Freedom of speech

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Joe Hockey’s successful defamation case against Fairfax Media raises questions about the extent to which politicians should be able to sue in relation to publications about their public conduct. AAP/Dan Himbrechts

Hockey v Fairfax should start the debate on defamation law reform

Hockey v Fairfax illustrates that recent legal and technological developments still pose challenges for defamation law, which has not been reformed to keep pace with these changes.
Picking a fight with a media company should not be a politician’s priority. AAP/Nikki Short

Hockey’s defamation win is dark news for democracy and free speech

The elephant in the room in the just-concluded defamation case between Joe Hockey and Fairfax Media was the actual story being attacked. Media organisations ought to be able to instigate the debate without fear of reprisals by litigious politicians.
In Tony Abbott’s worldview, it seems, a person’s freedom of speech depends whose side they are on. AAP/Mick Tsikas

Abbott spins tangled web of free speech and editorial judgement

In all the politicking and government attacks on the ABC for giving a platform to former terror suspect Zaky Mallah, the free speech debate has become confused.
No platform policies are morphing into bans that threaten free speech. Chris Radburn/PA Archive

New ranking exposes curbs on university freedom of speech

Freedom of speech is at the heart of academic life and a university should be a place where every issue is discussed and debated. Not so, according to the findings presented in the first ever Freedom of…
Foreign PR campaigns have been waged for decades. Films like 1930’s All Quiet on the Western Front were significantly altered to appease Germany’s Nazi Party. filmjunk.com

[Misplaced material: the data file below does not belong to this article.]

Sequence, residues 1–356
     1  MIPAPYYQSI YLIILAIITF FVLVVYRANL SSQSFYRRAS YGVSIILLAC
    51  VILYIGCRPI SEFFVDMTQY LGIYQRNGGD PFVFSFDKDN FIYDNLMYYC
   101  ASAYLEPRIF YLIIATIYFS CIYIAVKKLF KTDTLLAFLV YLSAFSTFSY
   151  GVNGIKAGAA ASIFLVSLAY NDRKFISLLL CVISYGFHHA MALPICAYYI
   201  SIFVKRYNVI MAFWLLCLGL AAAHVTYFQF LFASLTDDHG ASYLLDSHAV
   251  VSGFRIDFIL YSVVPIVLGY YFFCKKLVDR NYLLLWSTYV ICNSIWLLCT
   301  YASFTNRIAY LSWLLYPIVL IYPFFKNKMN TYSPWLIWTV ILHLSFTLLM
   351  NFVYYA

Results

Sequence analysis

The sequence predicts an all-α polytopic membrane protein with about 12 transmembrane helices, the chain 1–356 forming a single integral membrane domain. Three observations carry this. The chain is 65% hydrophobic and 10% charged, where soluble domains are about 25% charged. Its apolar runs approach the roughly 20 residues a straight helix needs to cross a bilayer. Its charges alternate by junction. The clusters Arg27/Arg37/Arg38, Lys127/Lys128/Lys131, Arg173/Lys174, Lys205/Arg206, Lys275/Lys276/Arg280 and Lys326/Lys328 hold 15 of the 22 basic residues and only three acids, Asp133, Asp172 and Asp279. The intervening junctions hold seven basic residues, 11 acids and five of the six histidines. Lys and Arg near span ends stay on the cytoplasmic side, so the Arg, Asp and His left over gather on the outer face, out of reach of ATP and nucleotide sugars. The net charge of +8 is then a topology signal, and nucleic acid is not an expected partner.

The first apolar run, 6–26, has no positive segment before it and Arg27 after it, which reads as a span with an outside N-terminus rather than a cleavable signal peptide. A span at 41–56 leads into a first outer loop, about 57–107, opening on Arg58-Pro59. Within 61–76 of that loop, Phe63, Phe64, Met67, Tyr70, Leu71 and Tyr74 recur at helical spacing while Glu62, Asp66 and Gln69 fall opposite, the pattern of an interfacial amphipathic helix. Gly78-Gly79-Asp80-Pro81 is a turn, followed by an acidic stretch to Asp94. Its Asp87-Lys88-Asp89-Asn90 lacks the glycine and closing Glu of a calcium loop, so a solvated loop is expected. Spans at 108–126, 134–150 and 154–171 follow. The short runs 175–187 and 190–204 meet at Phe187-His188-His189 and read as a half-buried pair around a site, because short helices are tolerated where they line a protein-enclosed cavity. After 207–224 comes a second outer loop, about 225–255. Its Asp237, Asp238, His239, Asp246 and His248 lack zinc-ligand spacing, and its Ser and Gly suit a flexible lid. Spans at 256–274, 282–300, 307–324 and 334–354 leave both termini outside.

How foreign governments can influence American media – and tried to block my documentary

Feature films and television shows notoriously play fast-and-loose with the facts. When prologues proclaim “Based on a True Story,” they’re gracefully implying that what follows is mostly fiction. Awards…
What happened to “bless those who curse you”? Francis R Malasig/EPA

Pope Francis gives freedom of speech a cruel punch

Approaching his third year as head of the Roman Catholic Church, Pope Francis appeared to be doing so well. That is, until after the Charlie Hebdo massacre, he’s said that those who mock faith should be…
Family First senator Bob Day’s proposed changes to Section 18C have been given fresh prominence since the Charlie Hebdo attacks. AAP/Lukas Coch

Charlie Hebdo attacks provide a false pretext for 18C debate

Early in 2014, federal Attorney-General George Brandis released a proposal to significantly amend our law against racial vilification, Sections 18C and 18D of the Racial Discrimination Act, on the strength…
French comedian Dieudonné has just been charged as an ‘apologist for terrorism’ for his Facebook posting ‘Je me sens Charlie Coulibaly’ (I feel I am Charlie Coulibaly). EPA/Didier Jouret

Speech in France is not so free as Section 18C critics would have it

Recent commentary about the so-called “French” idea of free speech is fuelling confusion and misinformation in the debate about Section 18C of the Racial Discrimination Act 1975 in Australia. Human Rights…
Stéphane Charbonnier (Charb) lost his life in the Paris shooting. thierry ehrmann

In praise of the cartoonist – solitary, studious and searing

They think and work differently, cartoonists. Anyone who has spent any time in an editorial office will know that cartoonists dream and draw on their own, working to the rhythm of their thoughts – if they…

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